Reminds me of a time out hunting with my Pa when I was just a kid. I remember him saying this as we lay there for what seems like hours in the frigid cold, burrowed under a pile of rotting leaves, frustrated to all hell: "Like glasses sitting on the end of your nose," he says, "some things are in your sights but out of your mind and you just can't do a thing about it."

To tell the truth, until ten minutes ago, I never really thought about bats--let alone what the hell it'd be like to
be one--so when Lisa brought in that book that says bats' perception is only set at ten times per second it didn't mean much to me. It wasn't until it then compared it to a stroboscope--like the ones they use in discos--that I got a real sense of what it might be like to "see" like one. The problem then has to do with getting anything done if you can only see ten pictures a second--I can imagine a good amount of tripping in the night trying to get to the bathroom with a stroboscope only giving me what bats are getting--so the next part in the book, the one where it remarked upon the increase in bat chirps of up to 200 per second when it's near a bug in the dark, clarified things up a bit.

It's this next part here though that really got me going and set me on to writing about it: "They live in a world of echoes and probably their brains can use echoes to do something akin to 'seeing' images, although it is next to impossible for us to 'visualize' what those images might be like."

These little flying furballs got a perception so subtle and good that it's like vision but not and it just boggles my mind to imagine these little guys experiencing night like it's day through their ears. I'm just stuck wondering on the queerness of it that's all. Yeah...that's all I suppose.

Sunday, April 12, 2009

You seem to be getting along
as fine as anyone I've ever seen.
In that way you're common--
you're like that lady over there.
It's what you can't change,
what doesn't really matter
that works.

In one sense,
your cheekbones and eyes and nose
have trapped between them
something that's hard to ignore--
like a campfire.
You're numb to the heat of it,
You're numb to the burn of it,
but the range,
that, you feel.

Standing in line at Trader Joe's,
the proof is unpleasant.
What are there--
the ratios--
have my heart going seven beats per minute quicker.
I'm scatterbrained too,
but you can't measure that.

Friday, March 27, 2009

Gainsaying the gainsayers:

By defining hipsterdom as "...an artificial appropriation of different styles from different eras" the writer is essentially saying that a style from the 70's--say the flannel shirt--was more genuine or authentic during its introduction because it was worn in a way that expressed creativity or youthful rebellion; ideas that hipsters now, because they have "stolen" them, somehow lack.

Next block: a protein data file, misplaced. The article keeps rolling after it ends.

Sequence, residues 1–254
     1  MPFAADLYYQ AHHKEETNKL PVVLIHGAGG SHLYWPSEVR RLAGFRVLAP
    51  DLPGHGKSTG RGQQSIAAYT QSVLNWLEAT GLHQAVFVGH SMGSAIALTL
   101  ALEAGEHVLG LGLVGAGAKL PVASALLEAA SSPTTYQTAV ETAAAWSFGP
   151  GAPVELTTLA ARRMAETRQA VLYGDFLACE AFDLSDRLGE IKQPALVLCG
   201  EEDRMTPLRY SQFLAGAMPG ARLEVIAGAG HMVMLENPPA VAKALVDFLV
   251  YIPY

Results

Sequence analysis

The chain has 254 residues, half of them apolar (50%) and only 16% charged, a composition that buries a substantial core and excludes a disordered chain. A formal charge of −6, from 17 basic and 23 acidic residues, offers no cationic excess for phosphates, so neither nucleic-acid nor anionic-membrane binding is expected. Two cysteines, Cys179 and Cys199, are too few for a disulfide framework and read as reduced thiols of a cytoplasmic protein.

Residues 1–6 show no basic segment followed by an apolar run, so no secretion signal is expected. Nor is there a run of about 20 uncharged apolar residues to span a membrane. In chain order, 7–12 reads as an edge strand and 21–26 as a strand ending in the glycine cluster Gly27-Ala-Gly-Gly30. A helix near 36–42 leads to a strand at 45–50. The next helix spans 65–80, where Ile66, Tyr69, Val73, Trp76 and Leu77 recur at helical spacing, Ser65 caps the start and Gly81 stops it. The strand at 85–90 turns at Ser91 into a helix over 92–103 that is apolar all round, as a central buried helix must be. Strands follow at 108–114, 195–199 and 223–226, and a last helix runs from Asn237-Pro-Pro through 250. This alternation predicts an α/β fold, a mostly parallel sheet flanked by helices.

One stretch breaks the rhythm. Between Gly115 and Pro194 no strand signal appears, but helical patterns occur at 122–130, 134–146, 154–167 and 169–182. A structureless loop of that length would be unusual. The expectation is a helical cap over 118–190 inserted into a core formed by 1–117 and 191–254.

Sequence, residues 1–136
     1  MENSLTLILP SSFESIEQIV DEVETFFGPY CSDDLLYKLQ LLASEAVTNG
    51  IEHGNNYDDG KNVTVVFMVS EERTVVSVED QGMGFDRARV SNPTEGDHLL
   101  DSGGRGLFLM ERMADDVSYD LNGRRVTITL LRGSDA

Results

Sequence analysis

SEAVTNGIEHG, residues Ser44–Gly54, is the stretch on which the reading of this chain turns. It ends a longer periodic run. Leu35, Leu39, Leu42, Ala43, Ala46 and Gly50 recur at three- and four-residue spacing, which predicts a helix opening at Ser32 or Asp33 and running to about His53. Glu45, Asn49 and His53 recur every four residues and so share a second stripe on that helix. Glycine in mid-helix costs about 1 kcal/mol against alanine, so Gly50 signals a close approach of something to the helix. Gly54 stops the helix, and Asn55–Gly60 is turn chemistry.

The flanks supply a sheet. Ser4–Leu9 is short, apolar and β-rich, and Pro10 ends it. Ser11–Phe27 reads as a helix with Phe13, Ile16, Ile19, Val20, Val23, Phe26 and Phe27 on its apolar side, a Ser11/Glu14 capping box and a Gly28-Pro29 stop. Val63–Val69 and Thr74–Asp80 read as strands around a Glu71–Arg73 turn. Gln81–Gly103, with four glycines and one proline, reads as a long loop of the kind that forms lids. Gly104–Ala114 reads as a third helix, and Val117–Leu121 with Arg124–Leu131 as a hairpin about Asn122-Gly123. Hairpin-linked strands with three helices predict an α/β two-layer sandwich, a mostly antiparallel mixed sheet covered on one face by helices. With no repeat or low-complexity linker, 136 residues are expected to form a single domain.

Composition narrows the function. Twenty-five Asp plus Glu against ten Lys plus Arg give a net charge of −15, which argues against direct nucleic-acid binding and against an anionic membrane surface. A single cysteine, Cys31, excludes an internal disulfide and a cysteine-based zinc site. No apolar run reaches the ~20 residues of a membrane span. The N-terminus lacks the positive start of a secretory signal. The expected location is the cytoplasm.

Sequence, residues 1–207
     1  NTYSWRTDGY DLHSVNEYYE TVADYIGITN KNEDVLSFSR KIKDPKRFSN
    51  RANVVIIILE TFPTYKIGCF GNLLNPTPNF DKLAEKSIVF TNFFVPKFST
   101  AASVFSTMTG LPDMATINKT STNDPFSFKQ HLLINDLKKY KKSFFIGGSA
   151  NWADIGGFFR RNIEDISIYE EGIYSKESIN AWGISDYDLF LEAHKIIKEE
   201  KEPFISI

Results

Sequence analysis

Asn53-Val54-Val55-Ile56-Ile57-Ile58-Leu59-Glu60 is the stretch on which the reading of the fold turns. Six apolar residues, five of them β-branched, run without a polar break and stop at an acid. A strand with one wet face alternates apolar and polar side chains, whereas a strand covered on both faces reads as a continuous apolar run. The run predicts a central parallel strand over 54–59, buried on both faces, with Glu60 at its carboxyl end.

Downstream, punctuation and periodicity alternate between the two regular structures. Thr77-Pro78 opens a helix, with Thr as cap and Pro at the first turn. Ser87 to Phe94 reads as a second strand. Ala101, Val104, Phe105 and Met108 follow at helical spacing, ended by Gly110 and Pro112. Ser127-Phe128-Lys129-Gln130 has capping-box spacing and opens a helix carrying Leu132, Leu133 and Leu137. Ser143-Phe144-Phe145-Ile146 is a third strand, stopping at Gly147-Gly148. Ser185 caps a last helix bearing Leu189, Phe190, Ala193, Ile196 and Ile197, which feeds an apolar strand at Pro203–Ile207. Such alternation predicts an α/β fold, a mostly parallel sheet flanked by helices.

Instead of deriding the current state as a meaningless rehash of "true" meaning from cultures past, why not strive to understand it as the highly mutating, overtly self-conscious meta-culture it really is? It feels cheap to dismiss the hipster's dance party on the basis of its lacking a "dance style" because this view assumes that we can judge the groups that have developed what are considered compelling dances (seen in the krumping below) alongside those that (seemingly) haven't (the goofy hipsters even further below).





To be sure, I enjoy watching the guy krumping more than I enjoy watching the hipsters bounce around, but I also understand that the second video is just that--kids having fun, getting drunk, rebelling for the sake of rebelling
. The writer, in his insistence that hipsterdom is nothing more than a vacuum of originality, misses out on the interesting things they do/create:



It seems to me that more accurately, we have a culture where information--in the form of fashion, music, dancing, blogging or whatever--is in an unprecedented state of availability, making informational melting pots, where, like the writer said, "formerly dominant forms of counterculture (merge) together," the new norm. In other words, internet kids are taking canonization to the new medium. Hipsterdom is what it looks like when a group luxuriates in its significance, when a group
becomes its canon.

A cultural critique is relevant if it finds immoralities in a group's behavior, if it highlights the inhumane, but correctable. Hipsterdom is a minor mash-up of innocuous self-definition. That's it. This guy's critique is not only ugly, but unhelpful: it implies that some cultures are more creative, more original, and essentially, more
important than others (We don't want to be ethnocentric, but we're human and humans, though sometimes inhumane, are still human. The real deal lies in the limits of cooperation--can we teach lions to think like gazelles? It can't hurt to try.)

Saturday, March 21, 2009